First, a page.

“We have implemented measures to ensure that these errors are not repeated in future annual returns.”

Comment has been sought from Labor.

Opposition Leader Bill Shorten came under fire last year after it emerged he failed to declare a political donation of about $40,000 from a labour hire company he received in the lead up to the 2007 election campaign.

Mr Shorten only corrected the record with the AEC days before giving evidence at the trade union royal commission.



Nursing home profits soar as patients care declines

Dear Prime Minister,

It is time that your government do something about this rip-off by those  homecare providers.

Yours respectfully,

Eddie Hwang


Unity Party WA (published)

Fax/hone: 61893681884

Save the trees – Please use email

UPWA is the only political Party that calls a spade a spade. 

Nursing home profits soar as patient care declines

Date – January 1, 2016 – Tom Allard

NSW’s population is undergoing a huge demographic shift.

The profits of aged care homes surged 40 per cent in the past year as operators cut hours of nursing care while claiming higher payments from the federal government for servicing more of the most frail patients.

The earnings boom in the sector comes after the government introduced widespread reforms of aged care in 2014, including deregulating fees and lifting restrictions on the accommodation bond that nursing homes can levy on residents.

It also coincides with a spike in false claims by aged care home providers for government subsidies, which rise based on the level of need of the patient.

According to the latest annual survey of aged care homes by Bentleys Chartered Accountants, the average profit before interest and tax increasing from $4497 per resident per annum in 2014 to $6278 in 2015.

The profits for 2015 equate to $17.20 per resident per day.

At the same time, the average bond – known as a refundable accommodation deposit – also rose by 40 per cent – from $154,116 to $217,839.

The deposit – which must be paid back after the resident dies – is effectively an interest-free loan to the aged care home operator.

Heath Shonhan, a business advisory partner at Bentleys attributed the profit surge to three factors – a one-off increase of 2.4 per cent in government subsidies, free market pricing of accommodation deposits and a rise in the average frailty of patients.

“[Patients] are a lot frailer and their care needs are higher so they are trending towards the higher end of the funding spectrum,” he said.

Mr Shonhan said the rising infirmity of nursing home residents reflected a trend toward the elderly staying in their homes for longer as they access better home care services.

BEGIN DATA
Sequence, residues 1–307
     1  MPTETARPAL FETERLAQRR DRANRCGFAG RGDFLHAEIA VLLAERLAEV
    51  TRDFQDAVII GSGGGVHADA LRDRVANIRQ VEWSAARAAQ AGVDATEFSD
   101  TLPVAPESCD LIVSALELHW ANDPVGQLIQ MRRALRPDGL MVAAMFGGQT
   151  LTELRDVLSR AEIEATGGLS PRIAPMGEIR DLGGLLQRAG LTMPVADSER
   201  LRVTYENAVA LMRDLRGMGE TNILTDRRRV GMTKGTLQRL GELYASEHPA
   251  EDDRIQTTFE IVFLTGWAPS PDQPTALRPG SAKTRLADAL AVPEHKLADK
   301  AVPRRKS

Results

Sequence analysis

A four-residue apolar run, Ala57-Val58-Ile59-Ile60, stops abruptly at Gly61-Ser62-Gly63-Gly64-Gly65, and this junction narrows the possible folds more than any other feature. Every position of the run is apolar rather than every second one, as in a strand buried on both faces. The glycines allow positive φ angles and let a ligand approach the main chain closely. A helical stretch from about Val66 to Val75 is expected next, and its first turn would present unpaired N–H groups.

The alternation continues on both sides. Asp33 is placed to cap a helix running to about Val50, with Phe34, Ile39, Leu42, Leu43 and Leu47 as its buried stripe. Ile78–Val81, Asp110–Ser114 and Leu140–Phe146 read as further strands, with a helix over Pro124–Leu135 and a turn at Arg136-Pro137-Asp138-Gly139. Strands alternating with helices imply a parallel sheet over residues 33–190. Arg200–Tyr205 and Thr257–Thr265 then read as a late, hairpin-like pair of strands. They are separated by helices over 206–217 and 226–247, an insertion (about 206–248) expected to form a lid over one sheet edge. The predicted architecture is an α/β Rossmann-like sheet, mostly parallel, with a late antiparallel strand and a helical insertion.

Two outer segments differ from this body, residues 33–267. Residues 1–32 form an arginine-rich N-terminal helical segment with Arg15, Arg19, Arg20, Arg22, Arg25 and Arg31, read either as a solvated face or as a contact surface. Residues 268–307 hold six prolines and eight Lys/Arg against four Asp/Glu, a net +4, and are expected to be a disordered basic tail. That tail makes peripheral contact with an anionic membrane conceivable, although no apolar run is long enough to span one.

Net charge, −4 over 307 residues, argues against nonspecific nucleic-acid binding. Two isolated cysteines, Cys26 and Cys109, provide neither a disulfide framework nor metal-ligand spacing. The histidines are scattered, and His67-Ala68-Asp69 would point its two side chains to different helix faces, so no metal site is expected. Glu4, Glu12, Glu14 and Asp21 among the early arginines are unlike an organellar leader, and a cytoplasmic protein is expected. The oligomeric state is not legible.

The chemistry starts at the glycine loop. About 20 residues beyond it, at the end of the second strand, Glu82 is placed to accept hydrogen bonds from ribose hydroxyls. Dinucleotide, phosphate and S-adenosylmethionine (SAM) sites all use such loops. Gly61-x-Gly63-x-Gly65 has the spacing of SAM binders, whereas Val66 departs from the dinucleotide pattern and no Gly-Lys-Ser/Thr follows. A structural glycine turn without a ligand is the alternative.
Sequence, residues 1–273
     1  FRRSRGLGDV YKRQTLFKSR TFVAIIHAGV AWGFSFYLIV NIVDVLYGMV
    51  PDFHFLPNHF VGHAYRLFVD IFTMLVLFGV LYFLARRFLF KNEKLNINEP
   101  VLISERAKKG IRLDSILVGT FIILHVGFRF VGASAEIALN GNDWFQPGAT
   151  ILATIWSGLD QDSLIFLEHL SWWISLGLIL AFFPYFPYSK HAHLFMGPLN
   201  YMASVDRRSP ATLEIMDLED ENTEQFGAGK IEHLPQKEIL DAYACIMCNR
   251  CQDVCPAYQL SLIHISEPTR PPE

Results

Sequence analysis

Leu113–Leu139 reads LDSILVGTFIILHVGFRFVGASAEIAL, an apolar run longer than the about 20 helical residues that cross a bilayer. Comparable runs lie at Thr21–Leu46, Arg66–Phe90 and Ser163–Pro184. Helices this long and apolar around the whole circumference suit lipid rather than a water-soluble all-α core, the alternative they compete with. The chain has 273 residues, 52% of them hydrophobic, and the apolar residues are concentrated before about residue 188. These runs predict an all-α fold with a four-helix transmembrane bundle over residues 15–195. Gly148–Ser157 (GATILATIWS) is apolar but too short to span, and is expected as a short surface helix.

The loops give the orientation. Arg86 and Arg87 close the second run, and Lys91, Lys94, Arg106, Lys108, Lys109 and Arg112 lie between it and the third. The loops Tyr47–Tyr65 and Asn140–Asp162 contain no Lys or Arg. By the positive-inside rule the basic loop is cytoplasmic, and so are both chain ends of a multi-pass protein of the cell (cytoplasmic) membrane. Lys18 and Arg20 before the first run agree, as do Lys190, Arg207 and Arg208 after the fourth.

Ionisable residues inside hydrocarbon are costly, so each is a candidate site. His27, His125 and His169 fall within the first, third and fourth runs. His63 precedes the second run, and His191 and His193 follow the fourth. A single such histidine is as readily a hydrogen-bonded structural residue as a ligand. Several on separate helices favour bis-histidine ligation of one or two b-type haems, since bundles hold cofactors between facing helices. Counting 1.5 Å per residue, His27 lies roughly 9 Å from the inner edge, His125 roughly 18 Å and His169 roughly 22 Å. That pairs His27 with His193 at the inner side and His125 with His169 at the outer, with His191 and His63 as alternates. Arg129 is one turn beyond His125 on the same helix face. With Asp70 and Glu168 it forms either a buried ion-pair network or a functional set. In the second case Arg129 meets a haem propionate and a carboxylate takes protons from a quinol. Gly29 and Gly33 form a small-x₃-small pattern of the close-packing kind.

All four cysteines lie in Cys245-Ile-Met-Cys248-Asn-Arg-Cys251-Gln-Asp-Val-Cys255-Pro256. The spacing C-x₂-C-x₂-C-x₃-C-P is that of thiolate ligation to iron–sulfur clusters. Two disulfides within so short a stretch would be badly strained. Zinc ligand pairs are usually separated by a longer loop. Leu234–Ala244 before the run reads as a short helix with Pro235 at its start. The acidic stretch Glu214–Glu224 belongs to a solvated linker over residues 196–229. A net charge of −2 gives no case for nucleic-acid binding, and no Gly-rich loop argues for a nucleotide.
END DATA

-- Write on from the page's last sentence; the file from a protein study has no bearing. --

However, the federal government this month revealed it was becoming increasingly concerned that aged care operators were rorting the $10.6 billion Aged Care Funding Instrument (ACFI). 

The basic rate of the ACFI subsidy is $36.11 per day for low-care residents, rising to $78.62 for medium- and $108.92 for high-care residents.

One in eight claims audited by the government last financial year were incorrect, leading to an unexpected $150 million blowout in the aged care budget. False claims this financial year are tracking at one in seven.

In response, the federal government announced new fines of up to $10,800 for providers who repeatedly make false claims.

Yet while nursing homes report they are looking after more needy residents, the time spent caring for them declined by 7 per cent over the past year.

In 2015, hours by care staff (nurses, care assistants and therapists) fell from 42.71 hours per fortnight to 39.80 hours per fortnight.

At 2.8 hours a day, the average is well below the minimum of 4.5 hours per day of nursing care mandated in the US, said Lynda Saltarelli from the Aged Care Crisis advocacy group.

“Australia has no recommended levels for staffing,” she said. “Over half of all nursing homes in Australia have nursing levels so low that most residents suffer harm.”

Combined Pensioners and Superannuants Association senior adviser Paul Versteege said the survey results raised doubts about the merits of the government’s aged care reforms.

“There’s a huge increase in profitability but there’s no evidence that the quality of aged care is increasing,” he said.

But Mr Shonhan, from Bentleys ,said the reforms were working well. Consumers had more choice and more options to pay for aged care. Meanwhile, operators could provide better amenities and were becoming more efficient.

“They can do more with less,” he said. “This is absolutely efficiency.”

The Bentleys survey has been running for 20 years and compiles data from more than 150 profit and not-for-profit homes.